Theobroma Cacoa as a Dietary Supplement

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A recent study by the International Headache Society raised interest in Theobroma Cacoa as an ingredient beneficial for preventing migraine headaches. As marketers use this research to promote dietary supplement products, information about the appropriate use of T. Cacoa is important to understand before beginning a supplement regimen.

Theobroma Cacoa is the botanical name for the cocoa tree, which is used to produce chocolate. Cocoa as a supplement may also be referred to as cocoa oleum, cocoa seed, cocoa semen, cocoa testae, theobroma, theobroma sativum, or theobromine.

The first question is regarding the most appropriate dosage for benefit. The study reported by the International Headache Society was actually perfored on laboratory rats, so information about the dosage used would likely not relate well to human usage. In other studies of Theobroma Cacoa, 150-250 milligrams was used in studies of platelet function, which may possibly correlate with the reduction of inflammatory response seen with the migraine study.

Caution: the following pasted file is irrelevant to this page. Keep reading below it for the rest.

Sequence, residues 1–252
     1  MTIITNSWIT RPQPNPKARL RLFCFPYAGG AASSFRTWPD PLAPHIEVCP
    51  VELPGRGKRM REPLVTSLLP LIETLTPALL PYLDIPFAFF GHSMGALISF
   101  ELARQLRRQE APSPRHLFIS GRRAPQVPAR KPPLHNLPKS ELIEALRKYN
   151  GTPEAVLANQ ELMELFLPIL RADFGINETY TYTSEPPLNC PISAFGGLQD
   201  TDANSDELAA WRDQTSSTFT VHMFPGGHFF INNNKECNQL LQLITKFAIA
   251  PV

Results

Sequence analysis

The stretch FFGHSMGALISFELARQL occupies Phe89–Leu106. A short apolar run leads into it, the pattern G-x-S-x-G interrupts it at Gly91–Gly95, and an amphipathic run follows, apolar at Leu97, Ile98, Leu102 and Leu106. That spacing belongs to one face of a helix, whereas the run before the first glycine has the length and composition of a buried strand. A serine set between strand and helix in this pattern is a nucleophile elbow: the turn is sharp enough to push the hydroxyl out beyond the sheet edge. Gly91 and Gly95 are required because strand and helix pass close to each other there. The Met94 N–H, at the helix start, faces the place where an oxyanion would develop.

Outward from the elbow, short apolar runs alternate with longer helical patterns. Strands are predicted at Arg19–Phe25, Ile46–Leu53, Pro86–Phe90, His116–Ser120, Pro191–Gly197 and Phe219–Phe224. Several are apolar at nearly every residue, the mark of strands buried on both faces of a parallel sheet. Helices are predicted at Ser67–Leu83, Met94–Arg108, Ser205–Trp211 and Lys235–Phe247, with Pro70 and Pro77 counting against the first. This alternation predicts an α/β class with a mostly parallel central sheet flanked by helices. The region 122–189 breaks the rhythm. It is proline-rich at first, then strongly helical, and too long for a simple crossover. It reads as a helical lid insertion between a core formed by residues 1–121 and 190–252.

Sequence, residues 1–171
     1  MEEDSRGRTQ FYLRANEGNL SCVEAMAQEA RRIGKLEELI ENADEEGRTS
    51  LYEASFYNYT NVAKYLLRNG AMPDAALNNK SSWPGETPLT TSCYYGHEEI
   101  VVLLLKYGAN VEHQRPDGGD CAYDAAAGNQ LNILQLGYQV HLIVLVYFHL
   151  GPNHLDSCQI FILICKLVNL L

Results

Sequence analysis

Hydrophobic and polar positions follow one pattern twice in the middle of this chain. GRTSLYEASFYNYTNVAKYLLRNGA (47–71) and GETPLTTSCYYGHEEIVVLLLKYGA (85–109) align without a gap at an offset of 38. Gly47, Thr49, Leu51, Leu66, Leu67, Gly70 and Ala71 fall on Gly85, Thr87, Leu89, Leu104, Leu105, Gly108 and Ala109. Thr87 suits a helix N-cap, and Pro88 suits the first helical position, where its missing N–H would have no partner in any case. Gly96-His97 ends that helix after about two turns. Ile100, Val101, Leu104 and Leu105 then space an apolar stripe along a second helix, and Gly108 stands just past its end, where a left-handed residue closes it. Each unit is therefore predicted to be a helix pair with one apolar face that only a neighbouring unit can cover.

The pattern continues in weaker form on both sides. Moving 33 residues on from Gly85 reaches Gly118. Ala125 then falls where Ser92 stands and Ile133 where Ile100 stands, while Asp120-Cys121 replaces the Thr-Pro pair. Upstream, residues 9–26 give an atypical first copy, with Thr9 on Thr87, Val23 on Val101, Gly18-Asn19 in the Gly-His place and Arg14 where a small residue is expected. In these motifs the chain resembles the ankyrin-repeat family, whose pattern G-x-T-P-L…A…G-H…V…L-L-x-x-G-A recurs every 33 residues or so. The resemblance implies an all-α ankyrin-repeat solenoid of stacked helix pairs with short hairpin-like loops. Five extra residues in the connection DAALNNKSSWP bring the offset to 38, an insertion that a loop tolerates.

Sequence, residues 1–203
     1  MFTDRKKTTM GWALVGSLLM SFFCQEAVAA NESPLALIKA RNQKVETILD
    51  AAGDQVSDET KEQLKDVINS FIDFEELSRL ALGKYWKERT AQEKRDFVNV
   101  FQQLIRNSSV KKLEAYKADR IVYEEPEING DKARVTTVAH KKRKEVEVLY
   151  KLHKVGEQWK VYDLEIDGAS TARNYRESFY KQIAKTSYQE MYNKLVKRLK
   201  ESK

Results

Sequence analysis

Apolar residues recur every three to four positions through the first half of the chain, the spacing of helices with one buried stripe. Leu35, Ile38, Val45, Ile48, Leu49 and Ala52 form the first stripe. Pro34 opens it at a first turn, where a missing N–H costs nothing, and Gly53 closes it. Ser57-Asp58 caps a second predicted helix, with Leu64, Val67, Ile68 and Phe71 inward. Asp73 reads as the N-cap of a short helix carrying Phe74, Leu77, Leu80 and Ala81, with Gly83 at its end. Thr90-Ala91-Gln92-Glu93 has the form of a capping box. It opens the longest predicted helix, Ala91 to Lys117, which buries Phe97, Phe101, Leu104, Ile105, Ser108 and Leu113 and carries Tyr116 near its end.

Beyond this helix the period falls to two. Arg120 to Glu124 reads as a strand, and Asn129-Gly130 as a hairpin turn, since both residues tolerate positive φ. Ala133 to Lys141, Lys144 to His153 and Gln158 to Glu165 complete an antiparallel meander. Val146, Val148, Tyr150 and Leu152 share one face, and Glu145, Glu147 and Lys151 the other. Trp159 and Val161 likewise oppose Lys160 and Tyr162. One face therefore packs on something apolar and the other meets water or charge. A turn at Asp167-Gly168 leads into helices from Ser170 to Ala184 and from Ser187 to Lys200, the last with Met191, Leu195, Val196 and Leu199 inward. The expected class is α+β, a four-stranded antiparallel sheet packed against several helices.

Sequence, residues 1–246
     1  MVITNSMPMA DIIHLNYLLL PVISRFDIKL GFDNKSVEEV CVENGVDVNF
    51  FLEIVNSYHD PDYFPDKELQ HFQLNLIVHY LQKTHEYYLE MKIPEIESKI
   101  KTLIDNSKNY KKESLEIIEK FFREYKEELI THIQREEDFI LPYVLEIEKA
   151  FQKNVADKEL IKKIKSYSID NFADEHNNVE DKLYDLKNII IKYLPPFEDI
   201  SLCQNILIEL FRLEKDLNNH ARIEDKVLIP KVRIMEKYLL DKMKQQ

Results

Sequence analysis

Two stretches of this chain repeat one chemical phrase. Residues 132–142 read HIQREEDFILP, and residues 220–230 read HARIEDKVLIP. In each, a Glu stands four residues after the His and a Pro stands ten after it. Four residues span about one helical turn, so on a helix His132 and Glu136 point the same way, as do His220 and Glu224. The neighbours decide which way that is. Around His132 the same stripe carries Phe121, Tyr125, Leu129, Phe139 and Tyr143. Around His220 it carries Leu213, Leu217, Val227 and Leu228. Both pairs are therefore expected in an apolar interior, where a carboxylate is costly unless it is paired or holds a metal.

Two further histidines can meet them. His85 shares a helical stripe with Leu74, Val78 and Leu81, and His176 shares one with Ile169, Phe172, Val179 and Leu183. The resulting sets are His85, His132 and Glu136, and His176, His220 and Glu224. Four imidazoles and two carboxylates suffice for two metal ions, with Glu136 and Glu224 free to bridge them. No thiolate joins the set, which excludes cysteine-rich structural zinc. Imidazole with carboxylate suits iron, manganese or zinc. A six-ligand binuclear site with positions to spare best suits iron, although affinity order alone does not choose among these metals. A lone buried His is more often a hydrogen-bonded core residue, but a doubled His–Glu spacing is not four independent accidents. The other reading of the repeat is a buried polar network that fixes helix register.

The majority of the dietary supplemental products found online have between 500-600 milligrams per capsule. To eliminate any reactions with other ingredients, look for 100% Pure Cacao. The term “cocoa” indicates a more processed product with lower amounts of the beneficial ingredients. It may also be best to look for a product listed as organic, as pesticide use is prominent among cocoa farmers.

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The second question is one of safety. Who should not use Theobroma cacoa as a supplement? Consuming cocoa appears to be safe for most people, however there are contraindications to using the product, including:

* Pregnancy and lactation
* History of anxiety attacks
* Acid reflux disease
* Diabetes
* Arrhythmia (rapid heartbeat)
* Scheduled surgery (can thin blood, making surgery unsafe)

There are also a number of medications that may interact with the cocoa, and combinations of the two could be dangerous. These medications include:

* Adenosine (Adenocard)
* Clozapine (Clozaril)
* Dipyradamole (Persantine)
* Ergotamine (Ergomar)
* Estrogens
* Lithium
* Medications for asthma (Beta-adrenergic agonists)
* Mediations for depression (MAOIs)
* Medications for diabetes
* Phenylpropanolamine
* Theophylline
* Quinolone antibiotics (Cipro, Penetrex, Chibroxin, Noroxin, Zagam, Trovan, and Raxar)
* Birth Control Pills
* Cimetidine (Tagamet)
* Disulfiram (Antabuse)
* Mexiletine (Mexitil)
* Verapamil (Calan, Covera, Isoptin, Verelan)

For any dietary supplement regimen, it is important to discuss all prescription and over-the-counter products with your physician.

Sources: RxList.com, Drugs.com
Written by Denise Reynolds RD
Exclusive to eMaxHealth

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